Today I am distracted, or at least I’m pretending to be. Did two high-stress things — saw the dentist to repair the wisdom tooth I broke on Sunday evening (popcorn, if you must know), and then I paid my Minnesota sales tax online.
That, I figure, ought to give me an excuse to be lazy. (In fact, both worked out better than I feared.) Back when I was a school kid, there were days when the teacher would roll a projector into the room and show us some educational film, usually a generation old. Innocent that I was, I figured this was part of some highly strategized educational plan. Nowadays, I’m given to understand that it often meant the teacher wasn’t feeling up to it, and just needed to coast.
In the same way, when I post a YouTube video, it’s not unlikely that I’m loafing.
Last night, in my book review, I referred to Old Norse (Viking) words that have made their way into English. I thought there must be a video or two on that subject.
The selections weren’t as good as I hoped. There were a few, but they were either very short, or hosted by annoying young hipsters whom I hated on sight (or both). Jackson Crawford, who can usually be counted on for interesting stuff on Old Norse, had nothing.
But there is this, posted above. The Lord’s Prayer in Modern English, Old English, Old Norse, and modern Icelandic.
‘We did a project on it when I was at primary school. The Vicious Vikings. Although most of the settlements’ names are quite innocuous. Applethwaite, Brackenthwaite, Crosthwaite – quite often you can work it out.’
DS Leyton looks rather bemused.
‘So, what – did they speak English?’
DS Jones giggles as though she thinks he must be joking. But then she responds. ‘No – we speak Old Norse.’
It’s one of the charms of Bruce Beckham’s Inspector Skelgill novels (for me) that there are occasional allusions to the history of the Cumberland region where Skelgill operates. In the passage above, our detectives, Skelgill, DS Jones (female) and DS Leyton (male) are talking about local farm names, which often contain the element “thwaite,” which is related to the Norwegian word “tvedt.” Both mean “field.”
But that’s not what Murder at the Meet, the latest Skelgill novel, is mainly about. More than 20 years ago, a young wife and mother named Mary Wilson disappeared during the annual Shepherd’s Meet. As it happens, that was the same year a teenager named Dan Skelgill won the Fell Runners’ race, setting a long-standing record. At the time, the police employed brand-new technology, DNA testing, matching it to the one discovered piece of evidence, to try to identify her attacker or abductor (assuming she didn’t just run off). But without success.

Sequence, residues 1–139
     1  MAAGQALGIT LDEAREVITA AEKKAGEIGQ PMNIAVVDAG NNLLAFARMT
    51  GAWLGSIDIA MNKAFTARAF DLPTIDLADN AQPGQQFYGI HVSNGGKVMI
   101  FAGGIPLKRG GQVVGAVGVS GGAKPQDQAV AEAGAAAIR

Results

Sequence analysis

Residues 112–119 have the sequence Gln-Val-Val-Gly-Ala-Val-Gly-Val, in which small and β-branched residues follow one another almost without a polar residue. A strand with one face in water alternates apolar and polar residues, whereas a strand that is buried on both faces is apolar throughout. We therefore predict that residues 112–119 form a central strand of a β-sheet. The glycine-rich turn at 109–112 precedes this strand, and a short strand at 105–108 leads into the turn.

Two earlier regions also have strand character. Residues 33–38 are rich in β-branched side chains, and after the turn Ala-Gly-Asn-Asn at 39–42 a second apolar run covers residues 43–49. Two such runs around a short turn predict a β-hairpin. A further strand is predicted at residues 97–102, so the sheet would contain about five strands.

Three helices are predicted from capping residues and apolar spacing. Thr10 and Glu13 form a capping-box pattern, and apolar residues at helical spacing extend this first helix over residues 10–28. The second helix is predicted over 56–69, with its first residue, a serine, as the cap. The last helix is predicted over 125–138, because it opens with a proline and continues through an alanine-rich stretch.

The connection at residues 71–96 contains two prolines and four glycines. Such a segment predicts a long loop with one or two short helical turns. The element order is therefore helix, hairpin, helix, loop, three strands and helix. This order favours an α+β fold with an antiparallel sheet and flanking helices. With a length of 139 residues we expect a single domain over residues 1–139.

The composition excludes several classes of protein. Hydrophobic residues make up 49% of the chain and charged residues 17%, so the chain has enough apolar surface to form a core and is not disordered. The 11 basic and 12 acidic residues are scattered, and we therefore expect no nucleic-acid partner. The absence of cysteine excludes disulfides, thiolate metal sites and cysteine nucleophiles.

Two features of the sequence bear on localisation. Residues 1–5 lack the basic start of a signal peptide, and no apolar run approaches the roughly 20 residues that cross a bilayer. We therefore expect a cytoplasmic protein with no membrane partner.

Now Mary’s bones have been found, by archaeologists in a local cave. Skelgill and his team start interviewing surviving witnesses and family members, and discover – as you would expect – a number of old secrets and personal grudges. And all the while Skelgill does his own eccentric thing – applying his knowledge of local geography, biology and weather, along with the sensibilities of a fisherman.
It’s all enjoyable and familiar for the Skelgill fan. I did
think this effort was a little unfair to the reader, as we were denied the information
that finally unlocks the puzzle until after the climax – and so we didn’t know
what all the urgency was about. That reduced the suspense for me.
But that aside, Murder at the Meet was an enjoyable read, and is recommended.
Many people under the influence of science, and particularly neuro-nonsense, will say the sacred is an old concept, it’s just a hangover, but you can easily see that’s not so, because everyone has a sense of desecration: there are things everybody values which, when they are spoiled, are not just moved or destroyed, they are desecrated. Something that is vital not just to you but the world. People have this sense when they see their towns pulled apart and concrete blocks put in the middle of them. You only have to look at Aberdeen to see what happens to a beautiful place when the desecrators get their hands on it.
Politician Daniel Hannan said, “Roger Scruton changed the course of my life. He addressed my school’s philosophy society when I was 16, speaking so compellingly about Wittgenstein and language that, when he finished, no one wanted to ask the first question. So, more to fill an awkward silence than anything else, I stuck my hand up and asked him what he saw as the role of a conservative thinker. ‘The role of a conservative thinker,’ he replied, in his charmingly diffident manner, ‘is to reassure the people that their prejudices are true.’
I am cognizant of the interrelatedness of all communities and states. I cannot sit idly by in Atlanta and not be concerned about what happens in Birmingham. Injustice anywhere is a threat to justice everywhere. We are caught in an inescapable network of mutuality, tied in a single garment of destiny. Whatever affects one directly, affects all indirectly. Never again can we afford to live with the narrow, provincial “outside agitator” idea. Anyone who lives inside the United States can never be considered an outsider anywhere within its bounds.